Names have been changed.
It is the summer of 2012. My friend Marie and I are making plans to meet before she moves to Chile. We have just graduated and she will be taking an internship in Santiago. When we next see each other, she opens up to me about her experience trying to obtain emergency contraception, or the morning-after pill, at a local pharmacy.
The pharmacist told her there was no way she could get pregnant if she was on her period. But she did.
Ramiro Molina, a gynecologist and university professor, estimated that in 2015 between 134,000 to 150,000 abortions occurred in Chile—about 400 per day. Only 33,500 are performed in hospitals in a country of about 18 million. That’s because abortion has been illegal in Chile since 1989. It is one of only nine countries in the world where abortion is a crime: Chile is joined by five Latin American countries—El Salvador, Haiti, Honduras, Nicaragua and Surinam—and three small European nations—Malta, Andorra and Vatican City. “It is a feminist duty to collect data and face it against the official numbers,” Begoña, an activist in Chile, told Ms. “So you do not want free abortion in your country? And how will you take care of all these cases, all these women who dodged your rules, these women you exposed to risk?”
According to Amnesty International, most abortion charges in Chile stem from cases that lead women to a public hospital. Women arrive because something went wrong and confess they were having a voluntary abortion. Doctors report them to the police. “There is a social class matter here,” Chilean activist Andy explains. “What usually happens is that women able to have an abortion on pills, which is the method we are familiar to, are women with access to information. And in this country, access to information is limited by social class.”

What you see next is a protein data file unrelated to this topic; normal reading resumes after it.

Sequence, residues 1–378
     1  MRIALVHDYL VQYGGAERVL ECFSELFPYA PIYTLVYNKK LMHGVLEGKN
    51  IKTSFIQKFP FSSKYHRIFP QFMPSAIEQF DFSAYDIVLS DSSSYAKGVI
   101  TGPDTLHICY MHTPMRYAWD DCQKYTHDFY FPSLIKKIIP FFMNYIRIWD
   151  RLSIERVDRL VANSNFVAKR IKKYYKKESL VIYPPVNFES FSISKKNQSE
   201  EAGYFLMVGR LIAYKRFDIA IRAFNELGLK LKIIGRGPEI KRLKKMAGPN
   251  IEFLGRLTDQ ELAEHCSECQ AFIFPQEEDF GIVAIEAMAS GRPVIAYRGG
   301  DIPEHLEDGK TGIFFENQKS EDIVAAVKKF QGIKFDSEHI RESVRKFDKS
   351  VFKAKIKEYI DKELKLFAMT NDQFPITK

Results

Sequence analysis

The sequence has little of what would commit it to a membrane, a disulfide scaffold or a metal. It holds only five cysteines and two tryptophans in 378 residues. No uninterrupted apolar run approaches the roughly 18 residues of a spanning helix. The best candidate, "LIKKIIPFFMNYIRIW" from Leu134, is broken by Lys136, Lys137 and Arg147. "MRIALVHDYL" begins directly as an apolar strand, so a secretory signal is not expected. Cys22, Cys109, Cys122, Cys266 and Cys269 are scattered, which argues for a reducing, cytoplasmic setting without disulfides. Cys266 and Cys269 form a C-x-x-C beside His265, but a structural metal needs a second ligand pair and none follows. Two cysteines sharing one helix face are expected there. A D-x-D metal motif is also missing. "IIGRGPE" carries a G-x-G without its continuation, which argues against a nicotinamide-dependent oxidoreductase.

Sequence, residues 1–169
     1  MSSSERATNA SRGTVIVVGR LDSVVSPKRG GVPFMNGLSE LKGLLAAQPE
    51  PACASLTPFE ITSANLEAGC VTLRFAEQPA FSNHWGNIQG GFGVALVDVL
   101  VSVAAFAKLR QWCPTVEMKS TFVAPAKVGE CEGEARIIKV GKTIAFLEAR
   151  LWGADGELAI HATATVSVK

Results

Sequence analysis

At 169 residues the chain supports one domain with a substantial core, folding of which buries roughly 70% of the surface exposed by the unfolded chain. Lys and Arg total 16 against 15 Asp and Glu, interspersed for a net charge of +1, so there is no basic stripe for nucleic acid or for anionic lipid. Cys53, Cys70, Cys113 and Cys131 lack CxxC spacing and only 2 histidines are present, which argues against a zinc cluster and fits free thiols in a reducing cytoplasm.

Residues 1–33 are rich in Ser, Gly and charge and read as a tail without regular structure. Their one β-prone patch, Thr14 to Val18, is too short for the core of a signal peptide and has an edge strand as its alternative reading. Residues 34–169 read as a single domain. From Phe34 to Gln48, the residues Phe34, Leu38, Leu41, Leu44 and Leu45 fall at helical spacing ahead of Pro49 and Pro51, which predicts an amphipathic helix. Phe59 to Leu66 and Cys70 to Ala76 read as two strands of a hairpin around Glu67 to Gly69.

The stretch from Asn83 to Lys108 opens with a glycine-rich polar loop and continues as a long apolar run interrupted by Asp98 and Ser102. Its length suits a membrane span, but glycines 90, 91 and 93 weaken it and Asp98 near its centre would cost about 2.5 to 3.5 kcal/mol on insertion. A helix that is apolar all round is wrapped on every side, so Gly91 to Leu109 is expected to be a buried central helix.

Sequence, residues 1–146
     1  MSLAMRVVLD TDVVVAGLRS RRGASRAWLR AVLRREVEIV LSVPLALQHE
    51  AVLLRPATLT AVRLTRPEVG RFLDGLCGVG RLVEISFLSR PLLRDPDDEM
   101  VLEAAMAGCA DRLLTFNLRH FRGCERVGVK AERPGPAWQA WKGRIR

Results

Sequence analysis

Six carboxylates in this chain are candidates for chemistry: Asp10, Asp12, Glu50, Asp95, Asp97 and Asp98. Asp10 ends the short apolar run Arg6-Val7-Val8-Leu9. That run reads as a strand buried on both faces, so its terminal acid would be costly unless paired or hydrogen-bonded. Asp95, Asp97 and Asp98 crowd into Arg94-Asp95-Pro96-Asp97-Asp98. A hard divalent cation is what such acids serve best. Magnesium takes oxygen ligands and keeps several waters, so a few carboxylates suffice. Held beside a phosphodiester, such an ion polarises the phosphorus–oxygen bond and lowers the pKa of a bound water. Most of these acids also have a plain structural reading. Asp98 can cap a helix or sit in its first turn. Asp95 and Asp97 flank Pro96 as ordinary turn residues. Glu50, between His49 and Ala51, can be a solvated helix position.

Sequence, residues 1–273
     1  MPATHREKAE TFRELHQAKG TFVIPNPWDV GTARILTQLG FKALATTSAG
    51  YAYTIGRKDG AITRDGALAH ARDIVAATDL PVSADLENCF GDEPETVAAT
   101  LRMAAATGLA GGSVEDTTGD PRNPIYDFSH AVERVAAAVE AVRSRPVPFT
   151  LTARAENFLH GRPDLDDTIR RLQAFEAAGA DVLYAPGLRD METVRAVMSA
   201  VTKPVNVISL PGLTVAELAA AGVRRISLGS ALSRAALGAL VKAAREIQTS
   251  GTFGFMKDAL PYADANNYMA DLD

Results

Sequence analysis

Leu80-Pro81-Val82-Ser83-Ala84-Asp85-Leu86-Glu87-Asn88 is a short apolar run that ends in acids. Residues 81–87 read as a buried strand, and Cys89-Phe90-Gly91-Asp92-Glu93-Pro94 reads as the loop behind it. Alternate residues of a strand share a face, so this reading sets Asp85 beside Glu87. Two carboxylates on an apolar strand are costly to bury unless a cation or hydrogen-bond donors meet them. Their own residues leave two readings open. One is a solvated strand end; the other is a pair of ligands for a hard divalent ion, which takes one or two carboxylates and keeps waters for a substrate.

In the last six years, 289 women have been prosecuted for abortion. 93 of them were condemned, according to the Observatory of Equity and Gender. In 2014, out of a total of 174 men and women investigated for seeking abortions or providing abortion medication, 133 were women. Disproportionately, women are punished for needing abortions. The men furnishing them with pills or services aren’t facing the same fate.
In January, the Chilean Senate agreed to decriminalize abortions in three cases: Ending pregnancies that are the result of rape, situations in which the woman’s life is at risk and in case of fetal malformation. Most abortion cases will still be illegal, but this step could open a door for further legalization. Michelle Bachelet, whose presidential term ends in 2018, has shown support for decriminalizing abortions. In the meantime, activists like Begoña and Andy are doing all they can to ensure women who seek abortions can find care and support.
Begoña and Andy are members of Con Amigas y en la Casa (At Home with Friends), a supportive pro-abortion network based in Santiago but reaching the long Andean country. The network was created in mid-2016. Six months later, they have accompanied women to more than 1,500 abortions. They believe that “a safe abortion is a feminist abortion.” The network system is simply, but secure: Women reach out to a contact on Facebook or via email and the Amigas get back to them with information on how to end their pregnancies with pills and, above all, with warmth—and a voice to lean on over the phone.
Misoprostol or misotrol are not listed as drugs in Chile, but they share the same means in the not-so-black market and are easily found on Google. “The pills do not enter Chile through the legal way. They are not in public circulation,”explains Begoña. “How do women access to the pills? Buying them from illegal sellers.”